Attitudes towards men’s vibrator usage are expanding as well. Although there’s scant history about commercial male vibrators or their usage, vibrators had been used since the 1970’s as a medical tool to treat erectile dysfunction and as a rehabilitation tool for men with spinal cord injuries. In 1994, the Fleshlight debuted as the first commercially available (and much lauded) vibrator for men.

The ensuing popularity of the Fleshlight led the sex toy industry to focus on the potential of male consumers. Since then, sex toys targeting a male demographic have shown a substantial increase in sales. Adult toy stores such as Babeland now have separate sections for male consumers (Babeland has also reported that 35 percent of its customers are men). And these toys are being used: In one study, 45 percent of men reported using vibrators for solo or partnered sexual activities. In another, 49 percent of gay and bisexual men reported using vibrators, which follow dildos and non-vibrating cock rings as popular sex toys.

WHY IT MATTERS
From the growing cultural acceptance of women’s vibrator usage, along with increasing male interest in the sex toy, the device has played an important role in American sexuality. In fact, vibrators and sexual health often seem to go hand in hand. Women who report recent vibrator use with partners tend to score higher on the Female Sexual Function Index (a questionnaire that assesses sexual arousal, orgasm, satisfaction, and pain) than women who report no vibrator use and even women who only used vibrators for masturbation. Vibrator use can also boost sexual satisfaction and is associated with practicing healthy behaviors even outside the bedroom.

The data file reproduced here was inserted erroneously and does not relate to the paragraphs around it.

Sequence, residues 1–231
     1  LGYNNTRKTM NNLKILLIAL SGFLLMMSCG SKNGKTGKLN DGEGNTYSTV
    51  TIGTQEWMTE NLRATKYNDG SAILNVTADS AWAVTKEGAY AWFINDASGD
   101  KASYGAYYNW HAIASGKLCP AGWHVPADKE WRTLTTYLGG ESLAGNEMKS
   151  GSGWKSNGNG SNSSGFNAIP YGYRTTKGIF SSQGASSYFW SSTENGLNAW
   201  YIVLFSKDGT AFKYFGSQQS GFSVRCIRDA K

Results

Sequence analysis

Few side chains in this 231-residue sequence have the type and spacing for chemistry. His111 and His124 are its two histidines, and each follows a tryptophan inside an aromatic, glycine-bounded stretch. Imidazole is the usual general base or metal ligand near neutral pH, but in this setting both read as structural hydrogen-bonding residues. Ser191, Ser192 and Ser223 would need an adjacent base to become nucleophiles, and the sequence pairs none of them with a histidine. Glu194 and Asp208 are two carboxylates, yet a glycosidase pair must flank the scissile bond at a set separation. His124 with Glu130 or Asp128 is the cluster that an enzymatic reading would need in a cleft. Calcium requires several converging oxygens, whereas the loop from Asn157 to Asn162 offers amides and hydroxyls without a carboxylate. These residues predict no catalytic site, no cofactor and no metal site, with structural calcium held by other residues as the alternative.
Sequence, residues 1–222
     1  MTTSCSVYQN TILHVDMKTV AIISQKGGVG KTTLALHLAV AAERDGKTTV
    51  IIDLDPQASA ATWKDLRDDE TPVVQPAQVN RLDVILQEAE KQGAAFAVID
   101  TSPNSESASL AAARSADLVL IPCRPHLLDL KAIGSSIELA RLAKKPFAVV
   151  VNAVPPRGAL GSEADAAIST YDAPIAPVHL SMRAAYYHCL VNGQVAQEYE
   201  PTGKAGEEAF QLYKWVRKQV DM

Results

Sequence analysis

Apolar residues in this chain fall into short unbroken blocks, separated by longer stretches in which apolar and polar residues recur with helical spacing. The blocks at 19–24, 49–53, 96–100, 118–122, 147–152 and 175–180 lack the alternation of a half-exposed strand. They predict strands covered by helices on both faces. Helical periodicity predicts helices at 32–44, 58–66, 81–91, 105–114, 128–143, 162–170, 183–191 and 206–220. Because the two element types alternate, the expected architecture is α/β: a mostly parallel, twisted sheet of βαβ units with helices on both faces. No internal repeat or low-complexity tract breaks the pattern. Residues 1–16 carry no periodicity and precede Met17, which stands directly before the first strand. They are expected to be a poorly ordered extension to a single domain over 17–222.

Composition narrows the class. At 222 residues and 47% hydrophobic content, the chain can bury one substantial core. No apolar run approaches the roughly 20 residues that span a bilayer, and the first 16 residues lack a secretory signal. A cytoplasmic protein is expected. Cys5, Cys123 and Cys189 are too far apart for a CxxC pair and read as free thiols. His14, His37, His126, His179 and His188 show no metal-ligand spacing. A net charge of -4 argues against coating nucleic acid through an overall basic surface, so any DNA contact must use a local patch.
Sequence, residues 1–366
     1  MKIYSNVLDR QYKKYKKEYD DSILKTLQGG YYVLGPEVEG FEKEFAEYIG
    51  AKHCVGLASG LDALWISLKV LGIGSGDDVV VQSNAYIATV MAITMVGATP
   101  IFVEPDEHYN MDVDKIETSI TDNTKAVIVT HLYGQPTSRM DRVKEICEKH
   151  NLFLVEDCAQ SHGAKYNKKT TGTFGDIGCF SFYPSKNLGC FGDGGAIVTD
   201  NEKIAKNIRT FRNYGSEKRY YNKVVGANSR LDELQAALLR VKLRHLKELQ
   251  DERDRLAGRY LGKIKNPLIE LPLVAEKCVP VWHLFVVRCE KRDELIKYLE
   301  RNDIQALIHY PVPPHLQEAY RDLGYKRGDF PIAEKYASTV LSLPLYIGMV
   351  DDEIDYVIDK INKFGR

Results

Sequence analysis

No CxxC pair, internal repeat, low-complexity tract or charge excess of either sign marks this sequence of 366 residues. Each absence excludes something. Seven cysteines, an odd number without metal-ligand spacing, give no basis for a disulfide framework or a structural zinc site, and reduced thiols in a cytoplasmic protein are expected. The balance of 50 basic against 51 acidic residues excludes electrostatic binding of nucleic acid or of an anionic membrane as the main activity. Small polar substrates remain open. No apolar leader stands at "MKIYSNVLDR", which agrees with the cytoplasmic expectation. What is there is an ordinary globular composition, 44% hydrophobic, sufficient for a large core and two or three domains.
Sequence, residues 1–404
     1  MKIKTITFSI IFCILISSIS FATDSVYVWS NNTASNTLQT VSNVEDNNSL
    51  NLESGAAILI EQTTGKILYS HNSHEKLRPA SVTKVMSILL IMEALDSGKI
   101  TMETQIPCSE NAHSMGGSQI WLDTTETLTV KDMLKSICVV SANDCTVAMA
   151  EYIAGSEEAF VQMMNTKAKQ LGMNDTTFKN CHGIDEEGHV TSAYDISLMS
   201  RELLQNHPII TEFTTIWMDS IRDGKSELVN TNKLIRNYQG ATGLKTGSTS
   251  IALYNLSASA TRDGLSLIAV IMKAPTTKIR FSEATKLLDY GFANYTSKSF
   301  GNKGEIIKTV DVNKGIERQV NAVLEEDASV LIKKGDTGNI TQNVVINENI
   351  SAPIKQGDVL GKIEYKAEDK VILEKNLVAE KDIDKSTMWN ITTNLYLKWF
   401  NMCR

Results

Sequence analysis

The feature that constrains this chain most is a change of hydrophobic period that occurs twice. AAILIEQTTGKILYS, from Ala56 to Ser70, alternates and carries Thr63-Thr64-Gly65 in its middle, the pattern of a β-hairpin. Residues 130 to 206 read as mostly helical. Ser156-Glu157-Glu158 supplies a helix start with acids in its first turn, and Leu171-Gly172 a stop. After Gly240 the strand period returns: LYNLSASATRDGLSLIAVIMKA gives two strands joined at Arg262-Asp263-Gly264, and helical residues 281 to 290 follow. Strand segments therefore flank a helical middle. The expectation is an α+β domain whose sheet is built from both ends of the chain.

RELATED: The Pros and Cons of Dating a Younger Man

Men who use vibrators are more likely to report participation in sexual-health-promoting behaviors, such as testicular self-exams. They also tend to score higher on four out of the five categories in the International Index of Erectile Function (erectile function, intercourse satisfaction, orgasmic function, and sexual desire). Couples can take the plunge with an array of partner vibrators, which offer simultaneous stimulation, or choose a gender-specific vibrator for foreplay.

THE TAKEAWAY
Vibrators are increasingly found in bedrooms across America and offer the opportunity for solo and partnered sexual relief and healthy sexual expression. Despite their unusual history, vibrators now play an important role in the sexual lives of Americans. From steam-powered mechanisms to “magic wands” and “silver bullets,” vibrators developed alongside popular culture and reflect part of the weird, interesting history of American sexuality.

More from Greatist:
The Essential Holiday Gift Guide for Foodies
30 Superfood Recipes You've Never Tried Before
Everything You Need to Know About Popcorn But Were Afraid to Ask
 

35 shared this
35
Comments
comments powered by Disqus